202443 Outcomes of the 5-4-3-2-1 Go! Obesity Prevention Social Marketing Campaign

Monday, November 9, 2009

W. Douglas Evans, PhD , Department of Prevention & Community Health, The George Washington University, Washington, DC
Jonathan Necheles, MD, MPH , Consortium to Lower Obesity in Chicago Children, Childrens Memorial Hospital, Chicago, IL
Adam Becker, PhD, MPH , Consortium to Lower Obesity in Chicago Children, Childrens Memorial Hospital, Chicago, IL
Katherine Kaufer Christoffel, MD, MPH , Center for Obesity Management and Prevention, Children's Memorial Research Center, Childrens Memorial Hospital, Chicago, IL
Recent studies suggest that community-based social marketing can reduce obesity risk behaviors among low-income urban residents. This presentation summarizes outcomes from 5-4-3-2-1 Go!, a branded social marketing campaign led by the Consortium to Lower Obesity in Chicago Children (CLOCC; www.clocc.net). The 5-4-3-2-1 Go! brand promotes 5 obesity-related behavioral outcomes related to diet and physical activity. CLOCC uses mass media, community-based outreach, and an extensive partnership network to promote parental action to reduce childhood obesity risks. A major initiative through which this message is disseminated is Healthy Foods, Healthy Moves: InForm Chicago, a program developed by CLOCC and partner Communities in Schools of Chicago (CISC; www.chicagocis.org).

We report on a randomized field trial with participants sampled from 6 Chicago neighborhoods. We surveyed parents in 2007-08 before the campaign began and again in 2008-09 after 1 year of implementation. We collected data both about parents' 5-4-3-2-1 behaviors and perceptions of their children's behaviors, as well as their community environment. The primary aim of this study was to identify the effect of campaign exposure (treatment) on 5-4-3-2-1 behaviors, controlling for socio-demographic and environmental factors.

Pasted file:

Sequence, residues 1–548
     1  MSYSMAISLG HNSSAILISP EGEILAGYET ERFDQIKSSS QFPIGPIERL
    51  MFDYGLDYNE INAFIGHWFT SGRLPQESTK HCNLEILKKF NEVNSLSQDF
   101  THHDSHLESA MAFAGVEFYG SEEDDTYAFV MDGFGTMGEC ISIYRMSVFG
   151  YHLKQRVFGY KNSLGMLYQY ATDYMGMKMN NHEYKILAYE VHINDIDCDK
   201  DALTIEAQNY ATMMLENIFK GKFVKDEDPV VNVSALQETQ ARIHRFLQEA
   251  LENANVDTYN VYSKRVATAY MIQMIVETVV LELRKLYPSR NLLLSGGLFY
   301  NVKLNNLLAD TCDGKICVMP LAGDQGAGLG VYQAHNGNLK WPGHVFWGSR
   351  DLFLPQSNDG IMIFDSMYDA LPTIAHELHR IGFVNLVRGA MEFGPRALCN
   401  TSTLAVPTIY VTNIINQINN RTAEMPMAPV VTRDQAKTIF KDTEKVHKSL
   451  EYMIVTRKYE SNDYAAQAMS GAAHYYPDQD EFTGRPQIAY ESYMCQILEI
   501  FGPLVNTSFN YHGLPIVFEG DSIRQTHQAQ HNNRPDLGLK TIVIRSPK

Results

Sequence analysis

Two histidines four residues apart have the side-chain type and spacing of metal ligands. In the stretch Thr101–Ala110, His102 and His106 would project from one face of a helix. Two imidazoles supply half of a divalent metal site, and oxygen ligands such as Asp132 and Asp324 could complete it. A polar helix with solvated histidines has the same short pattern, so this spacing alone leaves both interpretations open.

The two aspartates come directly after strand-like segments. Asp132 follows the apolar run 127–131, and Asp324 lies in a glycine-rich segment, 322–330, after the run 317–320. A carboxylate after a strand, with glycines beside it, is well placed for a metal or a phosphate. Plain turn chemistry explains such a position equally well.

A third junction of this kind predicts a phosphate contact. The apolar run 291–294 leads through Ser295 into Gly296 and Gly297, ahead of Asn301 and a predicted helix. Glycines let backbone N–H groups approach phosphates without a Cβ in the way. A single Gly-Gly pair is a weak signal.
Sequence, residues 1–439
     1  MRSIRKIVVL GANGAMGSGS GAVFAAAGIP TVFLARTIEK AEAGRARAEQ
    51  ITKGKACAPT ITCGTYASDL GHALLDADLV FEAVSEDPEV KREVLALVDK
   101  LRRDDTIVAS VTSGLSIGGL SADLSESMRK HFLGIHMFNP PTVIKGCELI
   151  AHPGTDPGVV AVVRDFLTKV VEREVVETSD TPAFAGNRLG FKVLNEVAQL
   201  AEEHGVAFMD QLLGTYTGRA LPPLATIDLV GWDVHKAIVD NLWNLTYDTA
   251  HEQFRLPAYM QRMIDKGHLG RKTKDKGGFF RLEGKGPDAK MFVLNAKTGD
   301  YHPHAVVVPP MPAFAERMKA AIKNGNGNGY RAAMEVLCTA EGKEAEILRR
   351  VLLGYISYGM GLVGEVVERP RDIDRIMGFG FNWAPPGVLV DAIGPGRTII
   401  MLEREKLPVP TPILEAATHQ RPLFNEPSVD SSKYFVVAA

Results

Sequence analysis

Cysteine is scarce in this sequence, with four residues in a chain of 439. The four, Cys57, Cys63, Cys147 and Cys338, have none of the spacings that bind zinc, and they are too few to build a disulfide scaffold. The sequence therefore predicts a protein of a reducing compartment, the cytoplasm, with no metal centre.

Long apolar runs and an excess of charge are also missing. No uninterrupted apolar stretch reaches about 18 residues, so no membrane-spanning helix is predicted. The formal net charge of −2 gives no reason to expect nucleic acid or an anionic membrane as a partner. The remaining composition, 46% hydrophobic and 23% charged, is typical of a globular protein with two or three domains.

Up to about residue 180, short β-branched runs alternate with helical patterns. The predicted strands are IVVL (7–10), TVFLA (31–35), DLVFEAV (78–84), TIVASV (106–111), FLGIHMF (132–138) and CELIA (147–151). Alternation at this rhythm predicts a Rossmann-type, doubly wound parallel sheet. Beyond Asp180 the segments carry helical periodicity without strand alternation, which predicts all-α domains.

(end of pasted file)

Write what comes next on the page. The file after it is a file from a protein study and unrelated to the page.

Multivariable logistic regression models tested the effects of campaign exposure on outcome behaviors after 1 year. Parent race/ethnicity and age were associated with nutrition and sedentary behaviors. Positive social norms about physical activity were also related to higher nutrition behaviors. Lower social capital was generally correlated with lower 5-4-3-2-1 behaviors. Higher parental community involvement was correlated with higher children's physical activity and water consumption.

Learning Objectives:
At the end of this session, participants will be able to: 1. Understand the evidence for community-based obesity prevention 2. Know the strategy and approach used in the 5-4-3-2-1 Go! campaign 3. Describe the evidence that 5-4-3-2-1 Go! is effective in reducing obesity behavioral risk factors

Keywords: Health Disparities, Obesity

Presenting author's disclosure statement:

Qualified on the content I am responsible for because: I designed and conducted the research to be presented.
Any relevant financial relationships? No

I agree to comply with the American Public Health Association Conflict of Interest and Commercial Support Guidelines, and to disclose to the participants any off-label or experimental uses of a commercial product or service discussed in my presentation.